Whatever money you are making now, what would it be like to double it, triple it, quadruple it?   When I was working in commercial and residential Real Estate management, I had a spreadsheet that showed me what money I was making for the company that I was working for.  Every 6 months I would go into my boss’s office and show him the new spreadsheet numbers and ask for a raise.   I was responsible for increasing the bottom line of the company that I was working for by asking for and receiving increases in the management fees for my portfolio of real estate.  If I had never asked for the raises and presented the numbers that supported the raises, the company might have given me a raise now and again, but certainly not as often and as much as they did.  Over a 5 year period, I was able to increase my income by more than double.  I was willing to do the work and was also willing to ask for my share of the profit.  Always ask for your share of the profit and always know the value you add to the bottom line of the company you work for.

Tip #2 – Be aware of the contribution you make to your workplace

As women, we are not taught about being a contribution to our families and our workplaces and how valuable it is.  What do you do that nobody else can do?  How does that contribute to your workplace?  Do you walk in and everyone feels better? Often knowing your value can add to how valuable you are perceived.  A question you can ask is, “What do I know that nobody else here knows?” Also, “What does me working here add to this business?”  If asking this question gives you the thought that you are not adding to this workplace or making a contribution, you can ask, “Where can I go today to be a valuable contribution right away?” And “What would I do all day every day that could add to my life and my financial flows?”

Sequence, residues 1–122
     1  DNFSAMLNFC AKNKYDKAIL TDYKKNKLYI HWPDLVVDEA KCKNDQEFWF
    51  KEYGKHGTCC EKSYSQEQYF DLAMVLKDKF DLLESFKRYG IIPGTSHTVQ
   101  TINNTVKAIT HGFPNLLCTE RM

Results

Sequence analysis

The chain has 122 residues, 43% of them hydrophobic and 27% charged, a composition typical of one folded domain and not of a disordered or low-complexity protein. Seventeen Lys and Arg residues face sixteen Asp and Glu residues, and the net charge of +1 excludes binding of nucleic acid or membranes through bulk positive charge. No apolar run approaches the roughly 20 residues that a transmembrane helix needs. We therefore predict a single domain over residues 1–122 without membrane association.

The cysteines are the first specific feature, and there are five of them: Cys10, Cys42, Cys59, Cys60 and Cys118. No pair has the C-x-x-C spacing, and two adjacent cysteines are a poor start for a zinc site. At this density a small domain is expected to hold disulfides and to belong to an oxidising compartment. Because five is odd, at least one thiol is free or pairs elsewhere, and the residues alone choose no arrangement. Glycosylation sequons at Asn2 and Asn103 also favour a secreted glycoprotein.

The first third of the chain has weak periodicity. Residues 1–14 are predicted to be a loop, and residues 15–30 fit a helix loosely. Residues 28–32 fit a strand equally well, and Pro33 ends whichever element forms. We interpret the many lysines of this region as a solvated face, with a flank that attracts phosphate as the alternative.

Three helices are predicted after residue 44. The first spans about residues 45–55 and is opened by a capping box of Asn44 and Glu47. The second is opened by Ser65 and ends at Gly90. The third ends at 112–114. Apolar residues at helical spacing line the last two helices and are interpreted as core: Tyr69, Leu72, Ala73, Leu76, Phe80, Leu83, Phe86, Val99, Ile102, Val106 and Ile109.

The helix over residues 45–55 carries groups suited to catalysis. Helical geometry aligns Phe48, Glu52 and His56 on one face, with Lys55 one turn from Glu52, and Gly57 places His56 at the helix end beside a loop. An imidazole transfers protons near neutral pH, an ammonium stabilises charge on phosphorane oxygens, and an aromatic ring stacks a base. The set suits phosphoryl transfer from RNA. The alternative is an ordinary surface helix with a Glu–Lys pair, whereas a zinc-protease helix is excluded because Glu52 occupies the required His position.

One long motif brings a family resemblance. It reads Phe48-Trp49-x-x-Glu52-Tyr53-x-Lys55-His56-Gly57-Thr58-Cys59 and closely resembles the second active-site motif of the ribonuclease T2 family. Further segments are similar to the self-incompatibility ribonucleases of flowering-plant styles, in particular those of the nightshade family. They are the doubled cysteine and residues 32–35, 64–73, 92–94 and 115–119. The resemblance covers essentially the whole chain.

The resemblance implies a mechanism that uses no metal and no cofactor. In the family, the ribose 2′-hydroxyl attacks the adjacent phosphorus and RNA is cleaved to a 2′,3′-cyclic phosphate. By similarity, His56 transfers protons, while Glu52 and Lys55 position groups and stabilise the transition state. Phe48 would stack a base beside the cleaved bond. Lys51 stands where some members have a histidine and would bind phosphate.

Tip #3 – Stop being negative

It’s time to stop whining! I know that this isn’t going to be a popular tip, but it will create the most for you financially. If there is any situation that you are not happy with, rather than complaining or whining about it, and take action. When my clients put themselves in situations financially that do not work for them, one of the things I notice is that it’s normal for them to whine but not normal to take action with their finances.  Ask, “What can I do to change this?” “Who can assist me to change this?” “Where can I go to change this?” and “What information do I need right now to change this?” And be willing to stop complaining and start taking action. If you actively work to change your financial situation today, imagine the position you could be in 5 or 10 years from now, and the possibilities that will be presented to you in the future. It is possible to get better at making changes and better at managing your finances and being profitable.

Tip#4 – Get accustomed to having money

What thoughts do you have about people who have money?  What if you let those go?  Also, what thoughts do you have about who you would be if you had “too much” money? Would you let those go too? I recommend opening up a bank account and start putting at least 10% of your income into it.  It could be an investment bank account or a retirement savings account, the point is to get accustomed to having money.  At the beginning, it’s not a fun or easy thing to be doing with your money, but when it accumulates to 10’s and 100’s of thousands of dollars, you start making choices based on having money instead of lacking it. Once you build up a tidy sum, then you can start asking questions like, “What can I do to generate even more money?” It is entirely possible to build a sense of intuition about where your money should go to grow. How often have we said to ourselves, “I knew I shouldn’t have done that with my money!?”  Once we learn to use our intuition for us rather than against us, financial awareness and skill can build from there.